What Did Hillary Think about McChrystal’s Firing?
There’s a lot that’s interesting in this tick-tock of General McChrystal’s firing. It’s a finely crafted narrative, down to the foregrounding of Joe Biden, in spite of the way that the chronology appears to belie that narrative (that is, the chronology appears to start when the White House Press Office learns about the article). And note the way the normally cowardly anonymous source, Rahm Emanuel, is on the record, as the story’s official narrator?
“He likes Stan and thinks Stan is a good man, a good general and a good soldier,” Mr. Emanuel said. “But as he said in his statement, this is bigger than any one person.”
But I’m most curious this paragraph:
On Tuesday, while General McChrystal was making the 14-hour flight to Washington, the White House was involved in a whirl of meetings about his fate. Along with Mr. Gates, aides say, four other senior officials were influential: Vice President Biden; the national security adviser, Gen. James L. Jones; the chairman of the joint chiefs of staff, Adm. Mike Mullen; and Mr. Emanuel.
Compare this paragraph with the picture, above, of the Afghan strategy meeting held after Obama canned McChrystal, conveniently arranged by protocol in proximity to the President: Joe Biden, James Jones, Bob Gates, Hillary Clinton, Mike Mullen, Rahm Emanuel, David Petraeus, Tom Donilon, John Brennan (here’s the official description of the Pete Souza WH picture).
That is, if the decision were made according to seniority, then someone is missing from the list of five important decision-makers counseling Obama (which include Gates, Biden, Jones, Mullen, and Rahm): Hillary Clinton.
Rahm, the official narrator here, says Hillary wasn’t one of the five advisors most central to the decision to can McChrystal.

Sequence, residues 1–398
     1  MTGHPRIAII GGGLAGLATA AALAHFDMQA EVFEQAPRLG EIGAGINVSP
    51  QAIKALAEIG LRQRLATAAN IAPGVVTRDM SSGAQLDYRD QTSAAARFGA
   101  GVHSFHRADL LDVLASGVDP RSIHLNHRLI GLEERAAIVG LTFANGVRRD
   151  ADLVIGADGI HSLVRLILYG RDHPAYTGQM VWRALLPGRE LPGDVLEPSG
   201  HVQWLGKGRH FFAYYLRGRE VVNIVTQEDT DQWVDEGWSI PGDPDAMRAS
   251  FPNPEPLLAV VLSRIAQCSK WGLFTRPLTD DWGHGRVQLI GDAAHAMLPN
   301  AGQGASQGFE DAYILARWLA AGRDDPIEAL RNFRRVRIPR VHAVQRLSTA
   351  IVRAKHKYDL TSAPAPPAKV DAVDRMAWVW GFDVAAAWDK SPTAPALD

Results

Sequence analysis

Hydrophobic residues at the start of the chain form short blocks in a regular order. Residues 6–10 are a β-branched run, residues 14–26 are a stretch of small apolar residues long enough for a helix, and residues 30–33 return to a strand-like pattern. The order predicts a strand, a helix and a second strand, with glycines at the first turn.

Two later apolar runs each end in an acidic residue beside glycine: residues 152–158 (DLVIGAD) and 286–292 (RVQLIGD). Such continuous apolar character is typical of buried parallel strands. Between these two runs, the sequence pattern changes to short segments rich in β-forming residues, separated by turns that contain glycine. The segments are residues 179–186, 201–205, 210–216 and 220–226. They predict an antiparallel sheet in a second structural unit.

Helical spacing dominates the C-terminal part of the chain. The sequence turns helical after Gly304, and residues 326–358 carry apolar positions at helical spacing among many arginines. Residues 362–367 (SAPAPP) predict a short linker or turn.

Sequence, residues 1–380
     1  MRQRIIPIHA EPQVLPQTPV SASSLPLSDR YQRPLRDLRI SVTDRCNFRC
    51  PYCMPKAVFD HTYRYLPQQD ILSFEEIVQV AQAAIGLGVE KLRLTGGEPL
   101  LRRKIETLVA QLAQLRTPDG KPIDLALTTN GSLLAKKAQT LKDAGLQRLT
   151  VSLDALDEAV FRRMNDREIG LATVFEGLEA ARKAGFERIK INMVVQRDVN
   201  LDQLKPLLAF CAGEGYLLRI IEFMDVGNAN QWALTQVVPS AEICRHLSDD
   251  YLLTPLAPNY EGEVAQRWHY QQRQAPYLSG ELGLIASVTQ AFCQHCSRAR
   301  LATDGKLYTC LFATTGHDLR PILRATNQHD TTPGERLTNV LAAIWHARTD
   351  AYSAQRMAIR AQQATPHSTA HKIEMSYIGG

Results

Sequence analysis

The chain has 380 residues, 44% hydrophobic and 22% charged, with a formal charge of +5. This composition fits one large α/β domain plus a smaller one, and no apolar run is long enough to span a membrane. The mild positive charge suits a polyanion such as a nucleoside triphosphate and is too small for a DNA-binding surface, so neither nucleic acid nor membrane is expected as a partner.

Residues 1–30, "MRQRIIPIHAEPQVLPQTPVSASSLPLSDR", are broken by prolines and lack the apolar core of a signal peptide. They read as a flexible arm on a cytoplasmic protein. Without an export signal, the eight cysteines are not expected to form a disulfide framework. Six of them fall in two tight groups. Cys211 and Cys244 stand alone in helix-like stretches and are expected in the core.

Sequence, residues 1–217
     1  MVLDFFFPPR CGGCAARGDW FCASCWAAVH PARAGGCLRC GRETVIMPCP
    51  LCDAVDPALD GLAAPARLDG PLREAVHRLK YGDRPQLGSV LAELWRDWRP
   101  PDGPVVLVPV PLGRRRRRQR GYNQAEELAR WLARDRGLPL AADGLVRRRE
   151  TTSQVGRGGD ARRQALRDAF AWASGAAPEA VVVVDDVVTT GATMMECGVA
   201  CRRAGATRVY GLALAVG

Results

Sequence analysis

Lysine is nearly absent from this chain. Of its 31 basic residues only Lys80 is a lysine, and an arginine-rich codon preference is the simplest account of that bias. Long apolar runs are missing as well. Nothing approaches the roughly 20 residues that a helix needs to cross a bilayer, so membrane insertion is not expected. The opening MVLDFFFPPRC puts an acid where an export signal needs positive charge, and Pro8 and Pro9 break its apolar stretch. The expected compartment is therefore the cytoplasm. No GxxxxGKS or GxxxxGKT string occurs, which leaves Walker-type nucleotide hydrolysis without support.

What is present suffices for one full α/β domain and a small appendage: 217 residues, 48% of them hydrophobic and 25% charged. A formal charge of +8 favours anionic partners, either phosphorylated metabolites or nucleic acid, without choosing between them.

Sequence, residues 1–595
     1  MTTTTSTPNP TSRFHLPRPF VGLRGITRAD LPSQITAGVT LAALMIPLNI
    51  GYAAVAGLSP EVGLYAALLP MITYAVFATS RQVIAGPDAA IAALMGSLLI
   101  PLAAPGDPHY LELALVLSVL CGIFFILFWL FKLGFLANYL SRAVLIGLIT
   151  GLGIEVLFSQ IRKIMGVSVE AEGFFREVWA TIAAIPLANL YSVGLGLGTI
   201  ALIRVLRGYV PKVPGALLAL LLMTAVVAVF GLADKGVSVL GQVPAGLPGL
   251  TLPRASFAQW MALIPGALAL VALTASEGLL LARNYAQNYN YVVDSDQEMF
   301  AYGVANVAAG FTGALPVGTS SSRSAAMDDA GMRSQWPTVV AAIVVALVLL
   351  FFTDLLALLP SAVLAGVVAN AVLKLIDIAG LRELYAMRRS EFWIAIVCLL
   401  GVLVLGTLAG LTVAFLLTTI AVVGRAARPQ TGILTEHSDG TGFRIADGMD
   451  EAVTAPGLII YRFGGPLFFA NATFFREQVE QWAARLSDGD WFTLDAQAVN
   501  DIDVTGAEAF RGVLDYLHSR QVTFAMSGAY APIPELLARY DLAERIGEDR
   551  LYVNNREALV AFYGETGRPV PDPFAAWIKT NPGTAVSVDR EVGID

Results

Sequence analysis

There are a number of reasons why I find that interesting. First, as has been noted by a number of people, Hillary was one of the few top Obama advisors not slagged by McChrystal’s aides in the Rolling Stone story. On the contrary, the article specifically singles out Hillary for a compliment from McChrystal’s aides.
Only Hillary Clinton receives good reviews from McChrystal’s inner circle. “Hillary had Stan’s back during the strategic review,” says an adviser. “She said, ‘If Stan wants it, give him what he needs.’?”
Nevertheless, McChrystal’s inability to cooperate with two people in Hillary’s portfolio–Richard Holbrooke and Karl Eikenberry–is one of the chief complaints McChrystal’s aides had.
Then there’s the fact that perhaps the biggest reason why Barack Obama is President right now and Hillary is Secretary of State instead is that she refused to fire her incompetent advisors during the campaign. Was she out of the loop on this firing as well?
Of course, Rahm and Hillary have their own history, and if Rahm was the narrator here, it might explain why Hillary was not depicted as one of the power players.
All of this is just Kremlinology, of course. But it says something that the White House chose to deploy Rahm to give an on-the-record account of Obama’s decisiveness here. And that that official record left out Hillary, either because she wasn’t involved or her involvement didn’t serve the overall narrative.